So all in all, as stated previously, the ‘truth’ of this antinomy is merely an intellectual hallucination, and to say that life is finite and has a beginning in time is a matter of meaningless language. If I were to delve into the alleged proof for this illogical language statement of the world having a beginning in time, then these proofs would of course be no such thing, identically to the illusory nature of proofs for 2+2=5.
One last point which might be necessary is that someone might dispute my use of ‘What is’ and ‘The World.’ Someone might talk of for example the existence of Heaven as a realm distinct from ‘the world,’ or as might be qualified: ‘this world ‘ Such use of language is as above to try and set limits on what is. ‘What is’ includes all of what is, and again just as water cannot be treated as it were distinct from hydrogen and oxygen, any labels like ‘heaven’ and ‘this world’ are false divisions of reality or what is. This would again be to try and talk of an absolute system, ‘the world’, as dwelling within something beyond itself, and so in other words, as with the plank in space, not as an absolute system.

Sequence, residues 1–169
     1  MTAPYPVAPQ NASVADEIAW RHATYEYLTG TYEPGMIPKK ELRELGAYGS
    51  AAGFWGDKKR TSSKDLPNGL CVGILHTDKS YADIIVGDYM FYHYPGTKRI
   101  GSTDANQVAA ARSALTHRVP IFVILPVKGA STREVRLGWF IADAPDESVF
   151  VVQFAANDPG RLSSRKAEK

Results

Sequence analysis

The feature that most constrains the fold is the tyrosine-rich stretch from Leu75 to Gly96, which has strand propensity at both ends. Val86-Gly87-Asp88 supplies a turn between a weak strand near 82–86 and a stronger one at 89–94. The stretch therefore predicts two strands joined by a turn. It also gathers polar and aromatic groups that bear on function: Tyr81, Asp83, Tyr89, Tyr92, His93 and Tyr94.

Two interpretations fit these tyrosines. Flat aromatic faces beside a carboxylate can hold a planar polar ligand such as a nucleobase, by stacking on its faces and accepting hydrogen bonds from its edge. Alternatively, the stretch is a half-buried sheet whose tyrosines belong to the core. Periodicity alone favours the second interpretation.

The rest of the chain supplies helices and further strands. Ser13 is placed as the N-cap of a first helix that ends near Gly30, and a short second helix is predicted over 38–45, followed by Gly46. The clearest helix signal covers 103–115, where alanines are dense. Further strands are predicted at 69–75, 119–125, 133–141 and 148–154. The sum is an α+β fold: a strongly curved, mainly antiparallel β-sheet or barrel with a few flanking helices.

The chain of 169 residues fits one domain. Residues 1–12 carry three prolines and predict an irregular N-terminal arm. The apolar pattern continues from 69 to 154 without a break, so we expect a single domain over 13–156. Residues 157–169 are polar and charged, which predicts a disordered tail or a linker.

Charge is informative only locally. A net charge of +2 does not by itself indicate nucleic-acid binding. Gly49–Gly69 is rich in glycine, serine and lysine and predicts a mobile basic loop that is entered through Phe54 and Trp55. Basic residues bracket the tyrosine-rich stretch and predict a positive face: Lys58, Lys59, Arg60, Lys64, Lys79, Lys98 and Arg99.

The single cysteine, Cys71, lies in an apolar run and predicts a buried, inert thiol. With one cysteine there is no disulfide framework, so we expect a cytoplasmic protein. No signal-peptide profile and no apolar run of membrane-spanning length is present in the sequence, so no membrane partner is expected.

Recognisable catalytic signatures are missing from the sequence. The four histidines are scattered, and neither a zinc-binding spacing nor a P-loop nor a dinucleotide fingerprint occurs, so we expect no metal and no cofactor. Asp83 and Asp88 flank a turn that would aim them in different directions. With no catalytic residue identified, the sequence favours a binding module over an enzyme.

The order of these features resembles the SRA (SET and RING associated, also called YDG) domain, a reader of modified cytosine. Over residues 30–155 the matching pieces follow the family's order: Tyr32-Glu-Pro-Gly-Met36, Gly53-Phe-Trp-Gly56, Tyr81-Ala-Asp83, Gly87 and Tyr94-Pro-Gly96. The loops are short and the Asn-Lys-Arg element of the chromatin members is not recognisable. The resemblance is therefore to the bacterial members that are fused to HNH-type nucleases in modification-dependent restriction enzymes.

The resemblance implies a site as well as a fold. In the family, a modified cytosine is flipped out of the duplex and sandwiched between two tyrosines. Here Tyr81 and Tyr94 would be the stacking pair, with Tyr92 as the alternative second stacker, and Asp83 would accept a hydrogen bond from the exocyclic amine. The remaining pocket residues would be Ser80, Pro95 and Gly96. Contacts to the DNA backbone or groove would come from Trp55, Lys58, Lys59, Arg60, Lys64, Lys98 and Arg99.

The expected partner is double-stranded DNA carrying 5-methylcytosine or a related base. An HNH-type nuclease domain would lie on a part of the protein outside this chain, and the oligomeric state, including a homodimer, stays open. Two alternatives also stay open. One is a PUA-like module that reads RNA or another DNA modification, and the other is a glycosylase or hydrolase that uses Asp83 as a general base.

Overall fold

Later edit: I said I'd look at the antinomies, meaning all of them, but having glanced at the others, they're so inane I can't be arsed tackling them.